The recent death of former England international forward Tom Finney, and the tributes which have flowed thereafter, have highlighted the contrasting ways in which footballers of his day were viewed by the general public as opposed to the sundry financial rewards associated with successful modern day players.

Finney was a regular on the international stage but played only for Preston North End until his retirement at 38 years old in 1960. He was once described by legendary Liverpool manager Bill Shankly as ‘the best footballer ever born’, yet never won a major honour and despite being the best player at the club for many years, he was forever shunning the limelight.

England international forward Tom FinneyWith the maximum wage prevalent during his time and boardroom practices allowing for less player movement than nowadays, Finney was quite happy to reject approaches from the big city clubs and even declared that money was not everything when a potential lucrative and life-changing move to Palermo failed to materialise.

When Tom Finney was knighted in 1998, it was universally agreed that it was a fitting honour to a true gentleman of the sport and such was his popularity in his home town that over 13,000 attended Preston’s home match at the weekend to pay tribute, with council leaders offering the family a civic funeral.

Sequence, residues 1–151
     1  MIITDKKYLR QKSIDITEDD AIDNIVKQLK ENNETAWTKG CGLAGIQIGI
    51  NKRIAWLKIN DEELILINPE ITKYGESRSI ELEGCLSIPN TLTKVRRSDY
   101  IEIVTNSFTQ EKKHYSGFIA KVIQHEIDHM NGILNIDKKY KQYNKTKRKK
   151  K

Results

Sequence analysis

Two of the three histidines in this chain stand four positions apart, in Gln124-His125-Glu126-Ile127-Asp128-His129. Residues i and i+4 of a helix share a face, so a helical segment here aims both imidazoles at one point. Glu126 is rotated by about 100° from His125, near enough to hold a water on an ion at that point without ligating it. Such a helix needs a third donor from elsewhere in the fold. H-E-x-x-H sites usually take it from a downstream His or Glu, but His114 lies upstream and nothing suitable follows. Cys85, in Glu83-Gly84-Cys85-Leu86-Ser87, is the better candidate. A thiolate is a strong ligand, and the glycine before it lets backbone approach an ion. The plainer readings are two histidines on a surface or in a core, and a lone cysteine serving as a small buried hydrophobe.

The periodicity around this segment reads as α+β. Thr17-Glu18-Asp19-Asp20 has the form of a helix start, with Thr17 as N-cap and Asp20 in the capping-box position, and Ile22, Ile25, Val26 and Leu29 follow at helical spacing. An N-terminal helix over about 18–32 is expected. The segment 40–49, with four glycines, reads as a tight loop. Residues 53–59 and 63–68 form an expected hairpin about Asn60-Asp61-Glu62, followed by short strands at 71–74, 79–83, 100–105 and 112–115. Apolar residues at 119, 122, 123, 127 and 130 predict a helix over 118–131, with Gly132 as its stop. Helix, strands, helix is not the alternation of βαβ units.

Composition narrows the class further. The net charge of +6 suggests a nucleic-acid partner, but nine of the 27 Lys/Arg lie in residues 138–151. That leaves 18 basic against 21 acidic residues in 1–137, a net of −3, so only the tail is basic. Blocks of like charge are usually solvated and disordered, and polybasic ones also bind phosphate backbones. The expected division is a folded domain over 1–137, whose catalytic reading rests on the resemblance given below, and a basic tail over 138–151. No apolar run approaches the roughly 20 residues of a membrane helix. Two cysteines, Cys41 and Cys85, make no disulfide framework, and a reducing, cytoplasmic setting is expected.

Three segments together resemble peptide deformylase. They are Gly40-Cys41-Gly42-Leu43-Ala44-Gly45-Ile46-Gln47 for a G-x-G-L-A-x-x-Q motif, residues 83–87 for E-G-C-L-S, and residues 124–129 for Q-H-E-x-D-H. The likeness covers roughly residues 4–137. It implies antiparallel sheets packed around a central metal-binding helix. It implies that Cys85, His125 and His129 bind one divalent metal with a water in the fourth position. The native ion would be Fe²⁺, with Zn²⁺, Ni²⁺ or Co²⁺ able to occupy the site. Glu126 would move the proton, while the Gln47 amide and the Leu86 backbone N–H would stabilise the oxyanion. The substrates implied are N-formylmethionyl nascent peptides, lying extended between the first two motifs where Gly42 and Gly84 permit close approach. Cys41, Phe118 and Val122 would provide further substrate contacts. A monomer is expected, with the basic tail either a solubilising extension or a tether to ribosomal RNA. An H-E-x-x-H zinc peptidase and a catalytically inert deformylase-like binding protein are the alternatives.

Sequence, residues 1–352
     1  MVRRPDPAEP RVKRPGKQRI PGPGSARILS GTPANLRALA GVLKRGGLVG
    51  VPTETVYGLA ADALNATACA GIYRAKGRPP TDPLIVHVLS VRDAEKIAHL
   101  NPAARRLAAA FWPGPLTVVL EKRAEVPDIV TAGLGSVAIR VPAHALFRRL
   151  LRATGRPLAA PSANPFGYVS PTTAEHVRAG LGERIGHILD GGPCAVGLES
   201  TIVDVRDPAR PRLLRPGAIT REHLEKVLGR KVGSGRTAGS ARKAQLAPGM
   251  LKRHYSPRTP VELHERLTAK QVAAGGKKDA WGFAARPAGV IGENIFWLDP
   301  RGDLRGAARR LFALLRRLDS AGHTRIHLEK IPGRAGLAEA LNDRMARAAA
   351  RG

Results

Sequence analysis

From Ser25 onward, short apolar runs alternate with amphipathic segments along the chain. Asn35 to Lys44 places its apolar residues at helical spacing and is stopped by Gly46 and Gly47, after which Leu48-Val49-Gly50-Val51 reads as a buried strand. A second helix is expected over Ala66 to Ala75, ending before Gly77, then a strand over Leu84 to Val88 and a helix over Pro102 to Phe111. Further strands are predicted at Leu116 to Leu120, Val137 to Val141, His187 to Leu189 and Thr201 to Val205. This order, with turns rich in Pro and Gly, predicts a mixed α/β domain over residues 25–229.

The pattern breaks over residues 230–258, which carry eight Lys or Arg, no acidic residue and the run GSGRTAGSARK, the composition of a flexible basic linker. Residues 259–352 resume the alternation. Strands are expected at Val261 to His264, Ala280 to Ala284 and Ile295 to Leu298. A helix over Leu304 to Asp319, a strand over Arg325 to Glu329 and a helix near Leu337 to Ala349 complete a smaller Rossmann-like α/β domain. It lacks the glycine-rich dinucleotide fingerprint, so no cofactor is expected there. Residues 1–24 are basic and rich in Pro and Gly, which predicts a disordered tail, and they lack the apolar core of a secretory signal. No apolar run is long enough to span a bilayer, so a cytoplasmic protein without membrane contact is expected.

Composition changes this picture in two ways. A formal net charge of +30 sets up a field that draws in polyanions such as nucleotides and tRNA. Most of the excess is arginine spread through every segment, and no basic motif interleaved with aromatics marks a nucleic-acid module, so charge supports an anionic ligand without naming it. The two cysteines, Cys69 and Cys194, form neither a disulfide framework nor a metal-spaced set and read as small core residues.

How times have changed when considering another development this week when Manchester United have announced that they are close to agreeing a new contract with England international Wayne Rooney. It has been reported that his wages will amount to £300,000 per week allowing him to become allegedly the highest paid player in the Premier League.

One wonders if such an astronomical wage offer is the only way in which the Old Trafford club can prevent Rooney from leaving to play for another team with Champions League football far from guaranteed next season and with persistent overtures from Chelsea manager Jose Mourinho failing to subside.

Whatever the reason for the contact offer, it is clear that international footballers are substantially more rewarded than in Finney’s days with money, unlike Rooney, moving between clubs for improved contracts ably assisted by persuasive agents.

To his credit, Rooney is not one of the mercenary footballers circulating today and demonstrates a will to win on the pitch despite succumbing to several over-exuberant moments at times. He deserves his rewards as one of the few English players today who can change a game and is prepared to work just as hard to help his defensive colleagues.

Yet it is doubtful whether Rooney will follow the path taken by Finney on his retirement by establishing his own plumbing business, but that may just an indication of the way in which many modern day footballers are now viewed as being slightly detached from their working class roots.

That is not true in the vast majority of cases but when figures of £300,000 are mentioned, it is obvious that football has moved considerably from the days of the genuinely loyal one-club man.